After a 2-3 years you will have mastered all of those hard-skills in your list, and then for the rest of your career (decades) you’ll be working towards mastering the soft-skills. The interpersonal skills, communicating, leading the conversation, articulating your product vision, defusing conflicts, Active Listening, stakeholder management, negotiation, facilitating workshops, creating high-performing teams. In my opinion these are the really hard skills to learn as a PM.


@KaranTrivedi, Thanks for your input and I agree with you.

I think that people and interpersonal skills are crucial and luckily is something that I was able to acquire in my previous experience leading a team. The problem I’m currently facing is that those skills are almost non-existent on a CV and can only be shown during an interview. Unfortunately, I can’t even reach an interview because compared to any other candidate that have relevant hard skills and industry experience, I have nothing to show. I need to build that baseline that puts me at the same level of other candidates, so that I have a fair shot of showing how my PM experience in non-tech and interpersonal skills can be valuable to the company.


In my opinion, I would suggest get an fundamental understanding of UX terminology, data literacy, as well as technical terms related to your industry; but then look to leverage the experts in your team to advise you on the specifics.

Know when a wireframe is needed vs. a interactive mockup. Learn how to make dashboards yourself in Google Data Studio (but not necessarily how to make complex data models). Understand pros and cons of common tech stacks.

Become good at facilitating meetings and getting the experts around you to advise you and guide your decision-making process. I personally don’t think you have to go deep on any of the disciplines, more “T shaped”:


I would be careful not to underestimate people/interpersonal skills required to be a good PM for tech products. IMO, working with engineers, designers, eng/design/pm leadership for tech products is materially different than other roles (even if those roles are in tech products).

In addition to the above skillset, I would add building products with machine learning. Every project in FAANG or similar involves working with data and using ML to build differentiating products.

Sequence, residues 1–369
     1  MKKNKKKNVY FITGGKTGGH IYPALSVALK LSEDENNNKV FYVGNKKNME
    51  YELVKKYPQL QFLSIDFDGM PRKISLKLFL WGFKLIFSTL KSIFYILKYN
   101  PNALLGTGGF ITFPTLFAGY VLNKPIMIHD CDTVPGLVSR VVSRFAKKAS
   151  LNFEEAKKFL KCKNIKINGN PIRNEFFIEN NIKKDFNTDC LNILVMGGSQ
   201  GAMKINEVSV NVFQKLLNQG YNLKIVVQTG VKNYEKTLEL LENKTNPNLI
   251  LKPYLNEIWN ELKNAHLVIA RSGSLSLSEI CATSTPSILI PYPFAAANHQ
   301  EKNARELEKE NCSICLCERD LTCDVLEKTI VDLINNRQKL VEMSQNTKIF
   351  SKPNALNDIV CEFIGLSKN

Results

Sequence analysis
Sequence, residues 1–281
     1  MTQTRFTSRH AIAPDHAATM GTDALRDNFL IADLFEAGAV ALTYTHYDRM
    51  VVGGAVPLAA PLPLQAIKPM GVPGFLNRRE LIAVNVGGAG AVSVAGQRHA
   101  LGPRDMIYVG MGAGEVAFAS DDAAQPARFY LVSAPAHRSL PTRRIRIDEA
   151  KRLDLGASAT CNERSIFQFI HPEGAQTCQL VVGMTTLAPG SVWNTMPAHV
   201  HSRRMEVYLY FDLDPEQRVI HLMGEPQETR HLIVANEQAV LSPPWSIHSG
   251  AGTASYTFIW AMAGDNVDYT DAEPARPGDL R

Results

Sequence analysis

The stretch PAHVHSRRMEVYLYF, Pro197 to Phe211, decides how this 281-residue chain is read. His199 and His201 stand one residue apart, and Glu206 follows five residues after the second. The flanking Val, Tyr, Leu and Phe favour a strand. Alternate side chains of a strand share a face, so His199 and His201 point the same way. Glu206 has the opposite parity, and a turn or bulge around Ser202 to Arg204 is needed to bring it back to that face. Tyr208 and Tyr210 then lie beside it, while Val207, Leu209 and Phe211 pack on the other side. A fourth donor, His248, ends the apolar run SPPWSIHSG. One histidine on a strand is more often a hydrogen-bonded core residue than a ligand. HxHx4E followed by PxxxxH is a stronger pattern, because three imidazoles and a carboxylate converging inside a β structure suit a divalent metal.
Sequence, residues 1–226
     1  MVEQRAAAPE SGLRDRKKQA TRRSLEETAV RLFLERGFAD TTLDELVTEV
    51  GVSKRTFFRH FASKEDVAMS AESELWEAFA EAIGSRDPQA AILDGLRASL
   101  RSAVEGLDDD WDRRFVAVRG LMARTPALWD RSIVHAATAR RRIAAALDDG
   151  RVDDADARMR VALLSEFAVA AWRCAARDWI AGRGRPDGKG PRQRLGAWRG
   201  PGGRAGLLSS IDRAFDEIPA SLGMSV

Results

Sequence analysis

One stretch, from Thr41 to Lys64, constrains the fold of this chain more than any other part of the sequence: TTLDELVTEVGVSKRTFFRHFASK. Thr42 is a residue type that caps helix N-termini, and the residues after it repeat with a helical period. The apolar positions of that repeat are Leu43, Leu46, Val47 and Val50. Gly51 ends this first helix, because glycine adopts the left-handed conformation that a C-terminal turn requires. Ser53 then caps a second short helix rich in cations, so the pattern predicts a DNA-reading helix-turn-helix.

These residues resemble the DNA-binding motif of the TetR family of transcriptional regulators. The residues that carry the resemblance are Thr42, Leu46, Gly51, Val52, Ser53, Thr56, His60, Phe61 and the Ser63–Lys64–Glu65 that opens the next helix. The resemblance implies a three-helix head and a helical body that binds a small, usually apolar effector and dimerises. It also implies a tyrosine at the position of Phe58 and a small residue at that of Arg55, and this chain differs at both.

100% this.

I’ll also add managing and influencing without authority, and running a tight Scrum ship is also quite difficult to master (i.e. making the most out of your engineering talent and keeping them accountable).


Very well put! All those skills such as Jira and SQL are just groundwork to know the ins of what is happening with the software, but product managing is about speaking, listening, understanding, knowing when to ask questions, how to engage with different level of stakeholders and ultimately how to translate the vision and the product to the stakeholders in a language they can understand articulately.


I agree soft skills are very important, IMO it might be more applicable for big companies, but definitely not as impactful (in relative to other skills) for small to mid-sized companies and startups.

For people who are working on “creating”, there’s only so much what interpersonal skills and people skills will get you. Soft skills are great, but they’re empty promises without actual product management knowledgebase.

Yes, you can watch videos and learn, learn by doing… but that’s true for almost everything, including soft skills.

IMO we need to break this tendency of glamorizing Product Management as “oh it’s mostly soft skills” because that’s relevant to most other careers too, PM is not an outlier.

Here are some hard skills that are required for a good product manager:

finding product-market fit (this is a whole couple of books at least)

persona development, interviewing skills (with bias checks)

design thinking, and applying it to almost all aspects for “new” creation

building stories efficiently based on X metrics. ( I’ve had clients tell me, we want to build a habit of them checking the app every morning… so let’s put some metrics on this, workflows)

ability to build fast iterations on wireframes, visuals (visuals if you’re doing that product): pen+paper, balsamic, invision and many other tools